Explore your Culture through Storytelling
Lesson Plan 3-5
National Language Arts Standard 3: Students apply a wide range of strategies to comprehend, interpret, evaluate, and appreciate texts. They draw on their prior experience, their interactions with other readers and writers, their knowledge of word meaning and of other texts, their word identification strategies, and their understanding of textual features (e.g., sound-letter correspondence, sentence structure, context, graphics).
National Language Arts Standard 10: Students whose first language is not English make use of their first language to develop competency in the English language arts and to develop understanding of content across the curriculum.
• Explore their cultural heritage through reading, writing and speaking exercises.
• Create illustrated mini-books that express their unique cultural and personal experiences.
• Share their stores with their class by reading and explaining their accordian books.
• Legal size paper. One for each student
• Accordion Pocket Book Reproducible
• Crayons, markers and pencils
• One copy of De donde yo soy/Where I'm From by Levi Romero
SET UP AND PREPARE
• Copy Accordion Pocket Book Reproducible. One set for each student.
• Hand out one legal size paper or card stock for each student.
• Prepare to read De donde yo soy/Where I'm From poem by Levi Romero to class and/or other cultural heritage writings such as "Where I’m From" by George Ella Lyon (www.georgeellalyon.com) and cultural heritage writings by Hispanic poets, youth and children available at www.nationalhispaniccenter.org .
Exploring cultural heritage and personal identity
1.As a group, brainstorm the elements of life that define culture. The list will probably include: place, language, beliefs, foods, clothing, music, jokes, and stories.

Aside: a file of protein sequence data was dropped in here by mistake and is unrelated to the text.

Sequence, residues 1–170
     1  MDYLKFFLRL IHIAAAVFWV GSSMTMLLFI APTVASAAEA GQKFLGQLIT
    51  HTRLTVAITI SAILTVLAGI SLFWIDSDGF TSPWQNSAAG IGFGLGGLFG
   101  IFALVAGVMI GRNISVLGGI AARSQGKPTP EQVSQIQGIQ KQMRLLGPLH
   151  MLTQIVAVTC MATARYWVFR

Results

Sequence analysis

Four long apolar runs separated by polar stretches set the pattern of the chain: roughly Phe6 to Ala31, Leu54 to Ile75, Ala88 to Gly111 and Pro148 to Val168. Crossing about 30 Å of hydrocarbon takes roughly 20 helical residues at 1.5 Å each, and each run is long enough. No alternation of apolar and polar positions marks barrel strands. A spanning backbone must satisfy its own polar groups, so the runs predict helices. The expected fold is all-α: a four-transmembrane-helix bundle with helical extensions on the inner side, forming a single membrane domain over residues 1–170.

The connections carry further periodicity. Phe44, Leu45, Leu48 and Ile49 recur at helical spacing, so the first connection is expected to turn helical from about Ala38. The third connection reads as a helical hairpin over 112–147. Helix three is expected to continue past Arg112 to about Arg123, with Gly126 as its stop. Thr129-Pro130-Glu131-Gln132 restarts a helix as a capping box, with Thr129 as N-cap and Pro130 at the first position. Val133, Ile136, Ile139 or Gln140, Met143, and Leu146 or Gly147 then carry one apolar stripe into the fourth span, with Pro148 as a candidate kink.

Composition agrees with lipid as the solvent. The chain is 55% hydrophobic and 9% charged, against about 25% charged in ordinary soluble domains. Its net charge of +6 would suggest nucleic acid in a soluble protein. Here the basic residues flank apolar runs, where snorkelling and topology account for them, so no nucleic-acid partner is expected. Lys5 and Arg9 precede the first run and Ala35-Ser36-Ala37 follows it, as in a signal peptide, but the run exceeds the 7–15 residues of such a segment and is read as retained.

2.Read aloud the poem by Levi Romero and/or other poems about cultural identity. Additional poems by Hispanic poets and youth are available from the National Hispanic Cultural Center at www.nationalhispaniccenter.org.
3.Identify and discuss the everyday details that illustrate unique family and cultural communities. Have students share personal and cultural details which include: their birthplace, description of their home, birthplaces of their parents, names of family members, languages they hear and speak, common statements by parents and grandparents, everyday items, everyday foods, foods for special occasions, songs, and family stories.
Create an Accordian Pocket Book
1.Give each student a series of six to twelve "I come from" cards Accordion Pocket Book Reproducible).
2.Have students write appropriate words, sentences and/or create pictures on each card to create their own series of cards which represent their personal cultural heritage. Allow students to use their first language as needed to express their unique cultural traditions, i.e., tortillas, Día de los muertos.
3.Give each student a sheet of legal size paper to create their accordion pocket book. (see Accordion Pocket Book Reproducible for instructions).
4.Ask students to write their title and name on the front of the book.
5.Have students sequence their cards in a meaningful order and place them in the pockets of their books. Each pocket may contain one or more completed cards.
Sharing Your Story
Show and Tell
1. Ask each student to stand up, show their accordian book, and read their story to the class or a small group of students.
2. Ask the class to sit in a circle. Ask students to take turns completing an "I come from…" phrase. This activity can be teacher or student led.
Teacher or student prompts the group: "I come from...FOOD"
Student one: I come from tamales!
Student Two: I come from hot green chile!
Student Three: I come from papaya juice!
Continue around the room.
Teacher or student prompts the group: "I come from…SONG"
Student one: I come from Cielito Lindo!
Student two: I come from Old MacDonalds!
Game can continue as time allows.
3. Display the Accordian Pocket books at family open house or parent conferences.
Additional Technology Activities
1. Using a digital or disposable camera, have students take photos of 6 - 12 items, places or people mentioned in their poem. Using these photos in print form to illustrate their version of "I come from…", students can glue the photos to the back of their "I come from" cards.
2. Using a digital or disposable camera, have students take photos of 6 - 12 items, places or people mentioned in their poem. Using the images in digital form, work with student to create a slide show or a digital story in order to share their cultural heritage with classmates, friends and family. Digital storytelling lessons plans are available at www.scholastic.com , enter the key words "Hispanic heritage."